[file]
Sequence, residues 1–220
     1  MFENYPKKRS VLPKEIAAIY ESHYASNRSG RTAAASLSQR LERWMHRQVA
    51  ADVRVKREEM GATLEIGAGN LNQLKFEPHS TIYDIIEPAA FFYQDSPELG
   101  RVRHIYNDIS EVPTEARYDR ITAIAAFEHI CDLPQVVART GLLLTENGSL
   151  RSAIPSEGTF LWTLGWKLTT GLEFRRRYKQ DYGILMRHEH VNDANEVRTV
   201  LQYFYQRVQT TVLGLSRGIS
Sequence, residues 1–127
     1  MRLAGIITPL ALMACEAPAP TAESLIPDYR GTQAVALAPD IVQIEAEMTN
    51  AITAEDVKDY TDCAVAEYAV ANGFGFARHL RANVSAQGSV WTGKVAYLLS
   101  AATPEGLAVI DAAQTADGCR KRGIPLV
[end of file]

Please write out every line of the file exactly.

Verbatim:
Sequence, residues 1–220
     1  MFENYPKKRS VLPKEIAAIY ESHYASNRSG RTAAASLSQR LERWMHRQVA
    51  ADVRVKREEM GATLEIGAGN LNQLKFEPHS TIYDIIEPAA FFYQDSPELG
   101  RVRHIYNDIS EVPTEARYDR ITAIAAFEHI CDLPQVVART GLLLTENGSL
   151  RSAIPSEGTF LWTLGWKLTT GLEFRRRYKQ DYGILMRHEH VNDANEVRTV
   201  LQYFYQRVQT TVLGLSRGIS
Sequence, residues 1–127
     1  MRLAGIITPL ALMACEAPAP TAESLIPDYR GTQAVALAPD IVQIEAEMTN
    51  AITAEDVKDY TDCAVAEYAV ANGFGFARHL RANVSAQGSV WTGKVAYLLS
   101  AATPEGLAVI DAAQTADGCR KRGIPLV